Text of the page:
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Beware of Discriminatory Hiring Practices

By: George Waggott, founder and Roberto Fonseca-Velazquez, summer law student,

George Waggott Law

With increased globalization, individuals are choosing to uproot themselves from the country they were born in and settle elsewhere in the world. As cities become more and more diverse, so do offices and organizations. Writing from Toronto, one of the most diverse cities in the world, we have seen an increase in talent flock to the city to call the Greater Toronto Area their new home. With this increase in global talent, employers have an obligation to ensure that their hiring practices do not discriminate against any applicants who interview with them.

According to the Human Rights Tribunal of Ontario’s decision in Haseeb v Imperial Oil, care regarding potential discrimination claims includes a close review of potential questions regarding a candidate’s eligibility to work in Canada on a permanent basis. The Tribunal’s decision in Haseeb states that the requirement that a candidate be eligible to “work in Canada on a permanent basis” is discriminatory under the Ontario Human Rights Code in two respects. First, using the “permanence requirement” as a factor in a decision not to hire a candidate constitutes discrimination in employment because of citizenship. Second, a policy of requiring a job applicant to disclose in writing and verbally that she or he is a citizen or permanent resident of Canada is prohibited conduct in violation of the Code.

This decision is very important for employers in Ontario and elsewhere in Canada. Even though many employers will have good intentions in asking questions about “permanence” and the intentions of candidates, that does not make the questions permissible. For example, an employer may ask questions about the person’s status in Canada to ensure that a great candidate is not forced to leave their organization in several years’ time. Or an employer may ask this to assist in succession planning for their workforce. The Haseeb decisions makes it clear, however, that regardless of the intention of the employer, these types of pre-employment questions cannot be asked of candidates. Further, the Tribunal can and will award significant compensation to individuals if there is similar evidence that an employer’s reason for not hiring them were discriminatory. (In the application by Haseeb, the amount awarded was $101,363.16). So, for fiscal reasons alone, these hiring practices should be avoided.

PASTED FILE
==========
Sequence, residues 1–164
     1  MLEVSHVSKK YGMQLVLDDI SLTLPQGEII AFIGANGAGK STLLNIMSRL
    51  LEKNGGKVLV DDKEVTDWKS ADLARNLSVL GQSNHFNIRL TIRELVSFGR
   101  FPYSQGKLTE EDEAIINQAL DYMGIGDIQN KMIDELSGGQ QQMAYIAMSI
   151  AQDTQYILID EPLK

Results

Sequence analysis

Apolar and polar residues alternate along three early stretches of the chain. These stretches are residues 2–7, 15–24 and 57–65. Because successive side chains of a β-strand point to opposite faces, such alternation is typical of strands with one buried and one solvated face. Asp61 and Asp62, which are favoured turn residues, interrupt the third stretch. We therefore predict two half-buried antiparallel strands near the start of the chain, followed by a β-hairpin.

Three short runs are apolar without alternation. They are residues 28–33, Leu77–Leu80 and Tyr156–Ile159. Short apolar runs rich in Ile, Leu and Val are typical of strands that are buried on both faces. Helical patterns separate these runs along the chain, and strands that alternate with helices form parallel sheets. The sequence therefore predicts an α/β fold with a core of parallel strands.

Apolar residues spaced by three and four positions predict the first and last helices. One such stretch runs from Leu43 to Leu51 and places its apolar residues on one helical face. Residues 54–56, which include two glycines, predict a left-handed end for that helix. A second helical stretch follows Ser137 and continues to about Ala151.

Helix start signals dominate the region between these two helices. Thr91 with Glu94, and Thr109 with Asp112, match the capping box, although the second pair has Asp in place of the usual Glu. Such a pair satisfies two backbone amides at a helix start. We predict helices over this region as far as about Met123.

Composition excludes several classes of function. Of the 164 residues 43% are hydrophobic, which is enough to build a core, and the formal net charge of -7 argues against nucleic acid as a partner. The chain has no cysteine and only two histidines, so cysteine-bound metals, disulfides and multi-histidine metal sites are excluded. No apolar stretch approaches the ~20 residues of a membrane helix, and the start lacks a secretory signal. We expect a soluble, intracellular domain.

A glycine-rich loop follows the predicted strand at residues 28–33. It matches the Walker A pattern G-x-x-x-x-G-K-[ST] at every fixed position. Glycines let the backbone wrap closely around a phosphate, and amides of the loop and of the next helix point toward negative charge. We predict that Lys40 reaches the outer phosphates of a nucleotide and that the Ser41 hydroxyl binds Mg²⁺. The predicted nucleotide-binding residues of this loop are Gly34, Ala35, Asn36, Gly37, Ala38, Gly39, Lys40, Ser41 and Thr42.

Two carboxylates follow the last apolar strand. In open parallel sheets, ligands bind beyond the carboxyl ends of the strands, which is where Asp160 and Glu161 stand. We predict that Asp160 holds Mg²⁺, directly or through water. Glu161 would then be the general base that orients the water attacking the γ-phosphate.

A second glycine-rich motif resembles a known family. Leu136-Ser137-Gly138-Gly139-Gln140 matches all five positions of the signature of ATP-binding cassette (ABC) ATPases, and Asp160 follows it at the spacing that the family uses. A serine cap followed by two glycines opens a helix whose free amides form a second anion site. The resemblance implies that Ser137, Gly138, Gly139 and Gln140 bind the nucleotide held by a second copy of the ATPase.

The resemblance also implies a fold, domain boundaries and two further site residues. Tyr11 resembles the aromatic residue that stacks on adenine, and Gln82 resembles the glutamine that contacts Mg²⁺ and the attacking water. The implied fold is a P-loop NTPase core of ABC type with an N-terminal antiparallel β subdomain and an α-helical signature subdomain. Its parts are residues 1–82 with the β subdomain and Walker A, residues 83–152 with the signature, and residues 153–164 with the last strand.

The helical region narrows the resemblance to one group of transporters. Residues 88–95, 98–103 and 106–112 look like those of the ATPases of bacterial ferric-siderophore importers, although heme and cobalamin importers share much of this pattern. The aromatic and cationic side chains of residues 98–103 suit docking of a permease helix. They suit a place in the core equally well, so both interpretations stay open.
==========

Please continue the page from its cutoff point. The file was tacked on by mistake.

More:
Some key takeaways for employers:

  1. Review your hiring policies and practices. Ensure that any practice or policy you have in place reflects the rules as provided for under applicable law. This will also include being mindful about any restrictions associated with asking about “Canadian experience, which is likely prohibited.

  2. Train your team. Often many individuals are involved in the hiring process of a candidate. Some of these individuals may not have formal human resources training which includes knowledge of discriminatory and illegal interview techniques. Make sure all individuals involved in the process are aware of what they can and cannot ask a candidate. Typically, this is best reinforced by formal training of anyone involved in the process and or a written manual dispersed to the team.

  3. Closely review eligibility at the time of hiring. This decision and applicable law does not prohibit an employer from asking about a candidate’s eligibility to work in Canada at the time of hiring. Of course, it is prudent to ensure your workforce is eligible to be working. However, requiring permanency or insisting upon specific “Canadian experience” is discriminatory for the reasons noted above.

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